[Show abstract][Hide abstract] ABSTRACT: The Avahan intervention promotes consistent (100%) condom use amongst men who have sex with men in southern India. We assessed how condom use varies with intervention exposure for men who have sex with men in Bangalore.
Self-reported condom use and intervention exposure data were derived from a cross-sectional survey. Consistent condom use and condom use at last sex act with all, main, and casual male sex partners were assessed. Binary and continuous variables reflecting intervention exposure (including contact(s) with intervention staff, receiving condoms and seeing condom demonstrations) were used. Multivariable logistic regression was employed to assess the relationship between condom use with each type of partner and each exposure variable independently, controlling for socio-demographic and behavioural factors associated with condom use or intervention exposure.
Condom use with all partners was higher among those who had ever been contacted by, received condoms from, or seen a condom demonstration by intervention staff (adjusted odds ratio >2, p < 0.02 for all). Consistent condom use with all types of partner increased with the number of condom demonstrations seen in the last month (adjusted odds ratio = 2.1 per demonstration, p < 0.025), while condom use at last sex act with a casual (but not main) partner increased with the number of condoms received from the intervention (adjusted odds ratio = 1.4 per condom, p = 0.04).
Direct contact with Avahan program staff is associated with increased reported condom use among men who have sex with men in Bangalore. Reported consistent condom use and condom use at last sex act are associated with contacts involving demonstrations of correct condom use, and with receiving condoms, respectively.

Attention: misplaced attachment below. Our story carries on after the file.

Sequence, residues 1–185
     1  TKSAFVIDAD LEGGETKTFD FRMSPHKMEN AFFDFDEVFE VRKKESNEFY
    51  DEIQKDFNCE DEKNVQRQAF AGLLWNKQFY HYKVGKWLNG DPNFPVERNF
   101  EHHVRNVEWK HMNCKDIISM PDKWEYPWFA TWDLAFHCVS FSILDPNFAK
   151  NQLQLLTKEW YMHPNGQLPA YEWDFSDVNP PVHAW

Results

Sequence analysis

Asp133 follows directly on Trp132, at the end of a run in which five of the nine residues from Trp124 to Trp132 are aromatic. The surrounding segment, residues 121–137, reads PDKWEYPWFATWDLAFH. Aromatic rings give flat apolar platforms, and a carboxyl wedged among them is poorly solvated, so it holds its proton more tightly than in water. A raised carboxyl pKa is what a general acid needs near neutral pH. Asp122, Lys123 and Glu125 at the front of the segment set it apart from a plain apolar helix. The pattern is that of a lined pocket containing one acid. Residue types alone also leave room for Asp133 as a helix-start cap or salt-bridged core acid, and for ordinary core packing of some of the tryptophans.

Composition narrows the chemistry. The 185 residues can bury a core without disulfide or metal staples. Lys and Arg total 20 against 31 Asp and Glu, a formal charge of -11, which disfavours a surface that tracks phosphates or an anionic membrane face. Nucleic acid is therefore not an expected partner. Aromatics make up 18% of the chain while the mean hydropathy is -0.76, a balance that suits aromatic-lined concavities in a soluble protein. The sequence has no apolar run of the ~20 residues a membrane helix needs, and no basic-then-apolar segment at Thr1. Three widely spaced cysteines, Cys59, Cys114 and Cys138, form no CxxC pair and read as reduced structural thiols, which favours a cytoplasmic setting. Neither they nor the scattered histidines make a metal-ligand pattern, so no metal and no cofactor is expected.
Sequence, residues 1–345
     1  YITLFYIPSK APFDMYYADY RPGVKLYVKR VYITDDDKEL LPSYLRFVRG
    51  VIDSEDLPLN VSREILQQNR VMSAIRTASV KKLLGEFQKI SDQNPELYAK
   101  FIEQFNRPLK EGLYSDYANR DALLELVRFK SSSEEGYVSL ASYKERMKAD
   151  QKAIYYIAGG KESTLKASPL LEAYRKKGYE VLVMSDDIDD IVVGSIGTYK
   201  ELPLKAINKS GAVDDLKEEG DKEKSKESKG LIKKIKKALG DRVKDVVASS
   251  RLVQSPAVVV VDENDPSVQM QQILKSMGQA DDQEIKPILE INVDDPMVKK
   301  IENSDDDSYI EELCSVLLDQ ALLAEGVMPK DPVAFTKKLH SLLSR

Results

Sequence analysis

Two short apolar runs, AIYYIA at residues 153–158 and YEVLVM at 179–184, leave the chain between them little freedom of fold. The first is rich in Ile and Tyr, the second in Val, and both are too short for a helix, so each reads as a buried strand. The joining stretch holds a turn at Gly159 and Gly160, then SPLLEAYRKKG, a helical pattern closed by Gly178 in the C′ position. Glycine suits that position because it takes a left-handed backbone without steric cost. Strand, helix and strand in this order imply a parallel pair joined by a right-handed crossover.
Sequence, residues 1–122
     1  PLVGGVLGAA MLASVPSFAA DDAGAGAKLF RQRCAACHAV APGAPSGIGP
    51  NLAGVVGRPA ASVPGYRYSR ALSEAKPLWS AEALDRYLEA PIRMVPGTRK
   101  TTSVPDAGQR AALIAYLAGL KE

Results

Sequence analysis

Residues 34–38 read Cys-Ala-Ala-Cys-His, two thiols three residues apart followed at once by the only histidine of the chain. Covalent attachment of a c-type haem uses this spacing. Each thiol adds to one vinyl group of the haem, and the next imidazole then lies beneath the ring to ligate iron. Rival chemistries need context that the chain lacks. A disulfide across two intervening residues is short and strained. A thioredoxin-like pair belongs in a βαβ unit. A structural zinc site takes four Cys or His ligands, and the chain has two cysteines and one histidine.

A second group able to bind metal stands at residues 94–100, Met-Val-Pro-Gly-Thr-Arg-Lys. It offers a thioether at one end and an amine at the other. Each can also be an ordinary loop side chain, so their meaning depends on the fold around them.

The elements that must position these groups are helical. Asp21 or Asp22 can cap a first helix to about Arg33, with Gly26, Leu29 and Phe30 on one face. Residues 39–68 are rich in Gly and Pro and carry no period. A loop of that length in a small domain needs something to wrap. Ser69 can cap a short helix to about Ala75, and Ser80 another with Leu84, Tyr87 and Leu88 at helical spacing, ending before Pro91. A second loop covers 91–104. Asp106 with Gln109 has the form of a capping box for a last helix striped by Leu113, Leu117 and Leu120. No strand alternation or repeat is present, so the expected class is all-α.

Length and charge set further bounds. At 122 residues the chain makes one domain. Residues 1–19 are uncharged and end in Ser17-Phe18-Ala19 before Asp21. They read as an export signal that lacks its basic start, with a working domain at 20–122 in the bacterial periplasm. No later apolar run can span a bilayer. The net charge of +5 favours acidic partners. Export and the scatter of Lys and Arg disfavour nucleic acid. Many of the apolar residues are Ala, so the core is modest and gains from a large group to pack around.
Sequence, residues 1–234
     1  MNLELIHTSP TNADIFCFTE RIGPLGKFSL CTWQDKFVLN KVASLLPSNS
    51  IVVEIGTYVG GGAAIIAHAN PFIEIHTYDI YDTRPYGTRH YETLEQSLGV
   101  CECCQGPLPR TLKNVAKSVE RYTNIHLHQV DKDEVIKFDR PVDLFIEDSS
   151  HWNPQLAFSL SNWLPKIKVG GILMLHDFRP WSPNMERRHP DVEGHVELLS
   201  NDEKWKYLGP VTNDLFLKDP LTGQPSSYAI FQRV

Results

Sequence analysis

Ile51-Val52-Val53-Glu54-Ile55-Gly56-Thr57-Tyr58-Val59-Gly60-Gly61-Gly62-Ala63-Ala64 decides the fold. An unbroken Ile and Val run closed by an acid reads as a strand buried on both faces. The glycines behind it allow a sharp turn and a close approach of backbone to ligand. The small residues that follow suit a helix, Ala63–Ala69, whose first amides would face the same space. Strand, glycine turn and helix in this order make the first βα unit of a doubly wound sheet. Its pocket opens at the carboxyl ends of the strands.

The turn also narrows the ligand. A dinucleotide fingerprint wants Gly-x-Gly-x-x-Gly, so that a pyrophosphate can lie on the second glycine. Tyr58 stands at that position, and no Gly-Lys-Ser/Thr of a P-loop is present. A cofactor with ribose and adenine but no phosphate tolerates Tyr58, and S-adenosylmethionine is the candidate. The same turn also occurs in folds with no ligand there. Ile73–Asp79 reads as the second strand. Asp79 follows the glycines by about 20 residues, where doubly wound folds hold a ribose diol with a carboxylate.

BMC Public Health 12/2014; 14(1):1245. · 2.08 Impact Factor
[Show abstract][Hide abstract] ABSTRACT: Background
Although there is considerable evidence of the effectiveness of needle and syringe programme (NSP), opioid substitution therapy (OST) and antiretroviral therapy (ART) in reducing HIV prevalence, most Central and Eastern European sub-regions still have low or no coverage of most or all of these interventions.
We conducted a modelling analysis to consider the potential impact on HIV incidence and prevalence of OST, NSP and ART in three illustrative epidemic scenarios: Russia (St. Petersburg); Estonia (Tallinn) and Tajikistan (Dushanbe). For each intervention, we consider the coverage needed of each intervention separately or in combination to: (1) achieve a 30% or 50% relative reduction in HIV incidence or prevalence over 10 years; and (2) reduce HIV incidence to below 1% or HIV prevalence below 10% after 20 years. A sensitivity analysis for St. Petersburg considered the implications of greater on no risk heterogeneity, none or more sexual HIV transmission, like-with-like mixing, different injecting cessation rates and assuming a lower HIV acute phase cofactor.
For St. Petersburg, when OST, NSP and ART are combined, only 14% coverage of each intervention is required to achieve a 30% reduction in HIV incidence over 10 years. Similar findings are obtained for Tallinn and Dushanbe. In order to achieve the same reductions in HIV prevalence over 10 years, over double the coverage level is required relative to what was required to achieve the same reduction in HIV incidence in that setting. To either reduce HIV incidence to less than 1% or HIV prevalence to less than 10% over 20 years, with all interventions combined, projections suggest that very high coverage levels of 74-85% are generally required for the higher prevalence settings of Tallinn and St. Petersburg, whereas lower coverage levels (23-34%) are needed in Dushanbe. Coverage requirements are robust to increased sexual HIV transmission, risk heterogeneity and like-with-like mixing, as well as to assuming a lower HIV acute phase cofactor or different injecting cessation rate.
The projections suggest that high but achievable coverage levels of NSP can result in large decreases (30%) in HIV incidence in settings with high HIV prevalence among PWID. Required coverage levels are much lower when interventions are combined or in lower prevalence settings. However, even when all three interventions are combined, the targets of reducing HIV incidence to less than 1% or prevalence to less than 10% in 20 years may be hard to achieve except in lower prevalence settings.
The International journal on drug policy 11/2014; 25(6):1163–1173. · 2.54 Impact Factor